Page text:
Walgreens' Shannon Curtin shares insights during latest Mack Elevation Forum

WHEELING, Ill. — “When you create something for [our various retail concepts], you are creating a new experience and environment that makes us different than our competitive set. Exclusivity of the experience is a large differentiator.” That was a key message that keynote retail speaker Shannon Curtin, Walgreens divisional VP and GMM for beauty, personal care and seasonal, had for attendees of the latest Mack Elevation Forum.

The most recent Elevation Forum was held Oct. 17 at the Westin Chicago North Shore Hotel in Wheeling, Ill., which is located roughly five miles from Walgreens’ headquarters. More than 20 suppliers gathered to attend the all-day event, founded by Dan Mack, managing director of Mack Elevation Forum and strategy leader of The Swanson Group.

Curtin attended the event to offer critical insights into how to successfully and strategically align with Walgreens, as Mack led discussions on business habits and evaluating talent within the supplier community.

As illustrated in a recent issue of Drug Store Stores, Walgreens is working to transform the traditional drug store, and the beauty and personal care space is no exception.

When looking to work with Walgreens, suppliers need to be aware of the various formats under the retailer’s banner, including flagship locations and Well Experience stores. They must also determine the best fit for the community they will mutually serve by thinking about how to create a unique experience within that respective format and passing what Curtin referred to as a “gut check.” 

“Within each of these stores, make a proposal to us that the customer always has to win first. Then assure the proposal aligns with our mission and strategy. For example, in a flagship store, the world is open to you to co-create whatever you would like to propose and we are happy to entertain those new ideas,” said Curtin, who also stressed that the proposed product/solution must be exclusive to Walgreens and unique to the market. In other words, it needs to be a game-changer. “In these flagship stores, it is for us to showcase the best of the best,” she said.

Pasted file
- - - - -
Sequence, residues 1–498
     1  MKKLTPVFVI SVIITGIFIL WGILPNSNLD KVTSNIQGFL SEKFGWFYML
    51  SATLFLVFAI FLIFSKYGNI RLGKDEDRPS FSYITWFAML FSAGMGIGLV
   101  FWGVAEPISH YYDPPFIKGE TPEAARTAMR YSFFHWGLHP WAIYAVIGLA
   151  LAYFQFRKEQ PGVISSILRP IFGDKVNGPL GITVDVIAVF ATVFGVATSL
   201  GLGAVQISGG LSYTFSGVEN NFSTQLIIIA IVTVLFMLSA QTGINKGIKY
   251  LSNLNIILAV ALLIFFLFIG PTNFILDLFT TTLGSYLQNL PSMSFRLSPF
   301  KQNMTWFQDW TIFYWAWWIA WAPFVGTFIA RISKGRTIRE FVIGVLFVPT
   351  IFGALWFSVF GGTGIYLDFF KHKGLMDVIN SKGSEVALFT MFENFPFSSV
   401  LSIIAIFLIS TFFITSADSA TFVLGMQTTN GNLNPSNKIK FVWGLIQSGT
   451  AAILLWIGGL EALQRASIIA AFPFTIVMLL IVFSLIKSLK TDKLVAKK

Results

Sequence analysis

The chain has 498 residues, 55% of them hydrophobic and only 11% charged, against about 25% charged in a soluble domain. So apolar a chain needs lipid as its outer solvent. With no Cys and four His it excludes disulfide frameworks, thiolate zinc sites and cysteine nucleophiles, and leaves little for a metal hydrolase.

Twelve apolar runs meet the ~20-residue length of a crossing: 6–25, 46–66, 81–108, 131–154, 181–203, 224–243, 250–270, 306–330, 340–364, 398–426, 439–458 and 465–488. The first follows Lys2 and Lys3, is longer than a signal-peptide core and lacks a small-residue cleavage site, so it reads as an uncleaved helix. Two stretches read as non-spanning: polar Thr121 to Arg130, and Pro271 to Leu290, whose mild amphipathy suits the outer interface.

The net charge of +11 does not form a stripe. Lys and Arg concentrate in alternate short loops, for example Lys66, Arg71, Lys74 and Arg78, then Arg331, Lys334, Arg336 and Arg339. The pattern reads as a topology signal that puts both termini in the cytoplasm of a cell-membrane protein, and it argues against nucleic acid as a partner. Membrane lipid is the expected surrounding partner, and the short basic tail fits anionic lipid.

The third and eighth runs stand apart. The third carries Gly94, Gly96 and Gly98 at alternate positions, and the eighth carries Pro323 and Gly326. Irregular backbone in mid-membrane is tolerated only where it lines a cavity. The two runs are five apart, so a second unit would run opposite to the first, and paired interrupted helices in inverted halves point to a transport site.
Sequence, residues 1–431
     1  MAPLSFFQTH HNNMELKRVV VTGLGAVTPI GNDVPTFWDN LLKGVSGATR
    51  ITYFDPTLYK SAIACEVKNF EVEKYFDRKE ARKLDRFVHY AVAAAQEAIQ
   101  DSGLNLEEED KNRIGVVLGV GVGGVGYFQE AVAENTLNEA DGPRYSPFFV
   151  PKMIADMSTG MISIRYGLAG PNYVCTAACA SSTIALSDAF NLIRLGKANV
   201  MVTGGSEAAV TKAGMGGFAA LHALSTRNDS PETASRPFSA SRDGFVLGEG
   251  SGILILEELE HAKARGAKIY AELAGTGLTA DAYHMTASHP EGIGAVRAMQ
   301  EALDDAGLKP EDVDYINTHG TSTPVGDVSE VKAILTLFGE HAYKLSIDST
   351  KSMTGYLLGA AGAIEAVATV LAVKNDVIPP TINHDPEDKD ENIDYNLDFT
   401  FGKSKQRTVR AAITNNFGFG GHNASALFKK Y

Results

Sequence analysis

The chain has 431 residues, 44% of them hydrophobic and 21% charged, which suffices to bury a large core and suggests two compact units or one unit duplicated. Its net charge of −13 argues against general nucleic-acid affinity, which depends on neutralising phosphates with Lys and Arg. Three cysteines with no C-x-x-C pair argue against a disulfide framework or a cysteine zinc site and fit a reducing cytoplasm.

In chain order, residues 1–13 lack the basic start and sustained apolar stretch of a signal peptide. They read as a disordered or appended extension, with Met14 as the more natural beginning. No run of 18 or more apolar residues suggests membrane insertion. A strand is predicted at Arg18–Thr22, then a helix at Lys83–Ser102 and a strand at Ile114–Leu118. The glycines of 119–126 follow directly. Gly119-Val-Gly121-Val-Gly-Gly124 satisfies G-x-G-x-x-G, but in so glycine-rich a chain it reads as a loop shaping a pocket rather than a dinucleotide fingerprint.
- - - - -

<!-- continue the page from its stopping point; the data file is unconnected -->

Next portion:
And within the Well Experience stores, for example, the retailer is taking the essence of what makes that store special and heightening it to open up a new shopping experience. To further serve shoppers, some of these locations will also have an online element where shoppers can access information via an in-store kiosk to find additional products not sold in the physical location, purchase the item and have it shipped home.

Curtin also discussed the future of private brands and told attendees that while Walgreens will continue to support private brand, it is eager to entertain potential partnerships between noncompeting private and national brands. “If you have an idea to partner with one of our private brands, we think that’s a great solution," she said.

As mentioned earlier, Mack kicked off the event with an open discussion on business habits to help unearth some best practices.

“We tend to get enthralled in the myopic issues of the day … I think an underrated proposition is to allow your teams to have the flexibility to think” and, perhaps more importantly, to think ahead much like a chess game, said one supplier.

Avoid falling into a price game and understand that “different makes a difference,” added another supplier.

Another attendee said, “When people have a voice and feel they can help develop a strategic plan, it makes them feel like they are more on board.”

The day came to a close with a discussion on evaluating talent. When asked what they look for when evaluating talent, some attendees said passion, positive energy, ownership and someone who is looking to “fix” things or bring solutions to the table.

Mack also suggested that employers not underestimate the value of a “virtual bench.” In other words, employers should always have several potential new hires in mind or sitting on a “virtual bench,” who could step in to fill an unexpected vacancy.

Clearly the all-day forum covered a lot of ground and, once again, proved to be an invaluable discussion for attendees. And if there was one message Mack wanted to convey, it was “Don’t play today safe — risk.”

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